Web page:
A PSA: Sorry, There Is No Such Thing As "Accidental Racism"
This past week, social media influencer and party promoter Julieanna Goddard, known as @YesJulz, found herself at the center of a Twitter hailstorm after tweeting a photo of a t-shirt brandishing the N-word that she later deleted after the onslaught of comments. Since then, @YesJulz has been dropped from two upcoming events in Toronto, and has tried to explain her position via Twitter along with a tear-filled apology on Snapchat, calling the incident "accidental". The problem is, when it comes to racism, there's no such thing.
If you don't already know who Julianna Goddard (aka Julz) is, the NYTimes called her "Snapchat Royalty." Similar to Kim Kardashian, many follow Goddard to get a peek at a jet setter's lifestyle full of cool parties, celebs, and the latest fashions. With over 400,000 people who pushed follow on her Instagram and 150,000 more on Twitter, this party promoter/brand influencer certainly has quite a sizable audience — which is exactly how her unfortunate recent post got the internet talking right away.
In the now-deleted tweet, the social media star posted a picture of a shirt featuring the N-word. The post only worsens with its caption "Should I wear this to the festival or nah," which seems to acknowledge that somehow, Goddard wearing this shirt is up for debate.
Before getting into the semantics of what constitutes as racism, here's what it's not: reversible or accidental. In fact, racism by design, whether overt or subtle, is meant to underscore — and even poke fun at — a long history of racial hierarchy and oppression. While Goddard found this as a source of humor, it also underscores her privilege.
While many might be asking if the following tweet is forgivable, it also warrants another question: Was Goddard's following response to people calling her out enough?
Instead of acknowledging this huge error from the beginning, she immediately used that privilege to defend herself. Even when she apologized on Snapchat, it is still mostly painted as an honest mistake in need of "context" or further explanation:
“I just wanted to come on here and say I made a huge mistake yesterday. I did something really dumb, and I’m so sorry. I am so sorry. I understand completely that I f*cked up and that word is not something I should be ever be associated with—In any context, in any way shape or form and I apologize. I’ve been thinking about it all night and all morning, people have told me to talk to this person and talk to this person and get a written statement. This is the best way that I know how to express myself—it’s just to directly talked to you guys and let you know that I f*cked up and I’m sorry. I’m open to going into more detail about it if you guys want more context or explanation, but at this point it was just important to me to acknowledge the fact that I understand what I put out there was wrong in every way, shape or form. That’s it. That’s all I have to say right now."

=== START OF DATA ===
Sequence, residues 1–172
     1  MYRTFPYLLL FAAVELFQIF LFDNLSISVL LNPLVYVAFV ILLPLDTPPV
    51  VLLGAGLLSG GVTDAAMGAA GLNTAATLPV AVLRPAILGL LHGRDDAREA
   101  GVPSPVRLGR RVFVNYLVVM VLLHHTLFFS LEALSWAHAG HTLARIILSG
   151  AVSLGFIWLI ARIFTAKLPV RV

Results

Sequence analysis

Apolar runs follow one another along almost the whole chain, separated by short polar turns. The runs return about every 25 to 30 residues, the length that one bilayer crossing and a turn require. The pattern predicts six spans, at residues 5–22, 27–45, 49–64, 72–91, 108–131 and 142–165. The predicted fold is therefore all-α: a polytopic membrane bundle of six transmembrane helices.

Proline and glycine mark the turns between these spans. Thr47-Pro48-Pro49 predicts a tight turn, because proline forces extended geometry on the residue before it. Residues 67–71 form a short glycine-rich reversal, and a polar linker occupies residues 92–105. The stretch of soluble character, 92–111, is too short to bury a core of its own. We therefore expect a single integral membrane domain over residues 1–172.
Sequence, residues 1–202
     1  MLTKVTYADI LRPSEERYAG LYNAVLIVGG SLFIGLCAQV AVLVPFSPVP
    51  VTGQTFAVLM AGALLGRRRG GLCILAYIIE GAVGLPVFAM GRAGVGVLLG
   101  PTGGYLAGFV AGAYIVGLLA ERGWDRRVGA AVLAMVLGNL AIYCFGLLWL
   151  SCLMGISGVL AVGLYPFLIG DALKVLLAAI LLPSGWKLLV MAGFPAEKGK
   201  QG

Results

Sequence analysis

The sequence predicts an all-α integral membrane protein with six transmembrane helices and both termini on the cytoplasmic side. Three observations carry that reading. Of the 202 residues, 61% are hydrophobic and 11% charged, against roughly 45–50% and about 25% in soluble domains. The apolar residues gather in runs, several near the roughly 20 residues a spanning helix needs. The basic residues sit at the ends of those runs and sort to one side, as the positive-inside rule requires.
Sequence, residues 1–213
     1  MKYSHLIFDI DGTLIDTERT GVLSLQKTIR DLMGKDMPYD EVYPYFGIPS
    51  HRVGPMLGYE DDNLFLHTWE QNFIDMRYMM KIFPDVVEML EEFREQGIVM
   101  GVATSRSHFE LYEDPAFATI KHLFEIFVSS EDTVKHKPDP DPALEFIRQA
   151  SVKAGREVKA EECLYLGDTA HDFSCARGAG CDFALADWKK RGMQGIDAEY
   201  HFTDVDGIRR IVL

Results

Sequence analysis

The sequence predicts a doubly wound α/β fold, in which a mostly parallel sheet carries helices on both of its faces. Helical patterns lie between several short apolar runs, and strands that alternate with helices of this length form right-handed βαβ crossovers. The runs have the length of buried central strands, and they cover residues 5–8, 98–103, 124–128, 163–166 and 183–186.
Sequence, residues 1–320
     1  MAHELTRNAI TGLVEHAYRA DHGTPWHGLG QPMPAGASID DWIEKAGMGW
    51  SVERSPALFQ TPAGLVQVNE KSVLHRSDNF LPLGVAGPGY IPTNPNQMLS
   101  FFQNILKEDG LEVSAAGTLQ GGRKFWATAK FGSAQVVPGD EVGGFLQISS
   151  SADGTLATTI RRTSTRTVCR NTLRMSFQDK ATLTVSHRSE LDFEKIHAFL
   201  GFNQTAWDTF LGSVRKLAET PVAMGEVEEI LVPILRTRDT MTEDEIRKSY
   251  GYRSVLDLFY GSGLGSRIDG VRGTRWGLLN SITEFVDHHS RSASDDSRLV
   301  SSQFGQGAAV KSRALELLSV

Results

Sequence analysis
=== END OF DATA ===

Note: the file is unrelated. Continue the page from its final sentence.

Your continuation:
It is worth noting that this also isn't the first time that Goddard has waved her flag of white privilege by way of cultural appropriation. Where some attribute this to a hip hop influence or "stylish resurgence," she is also known to rock corn rows, "door knockers" or hoop earrings, and imitate other elements of black culture. In fact, much of her image and fame in music entertainment draws from that same culture she joked about earlier.
But this privilege doesn't just mean that she can ask for all to be forgotten — particularly given tweets like her response to DJ E Feezy defending her in the aftermath, which seems to undermine her apology.
Again, Goddard acknowledging DJ E Feezy's response also says another frustrating thing: that it appears that she agrees with him that this instance isn't something to be upset about. This is also exactly why social media users are calling celebs like Goddard and Miley Cyrus "culture vultures"; in both instances, these young, white women appropriate black culture, and create a career on its influence. But the experiences and history of people of color is often isolated as "no big deal" or carelessly discarded when those same marginalized people ask, at the very least, not to offend them.
The uncomfortable truth concerning Goddard's tweet and the responses thereafter is that racism can't happen on accident. When she chose to twitpic that offensive shirt, she made a decision. And that decision doesn't just warrant another apology so that social media can just get over it — it warrants accountability, and actual change. It may be painful, but it's necessary. So instead of trying to distance herself from the blame, Goddard should admit that her unchecked privilege is the problem — not an "accident," or anything else.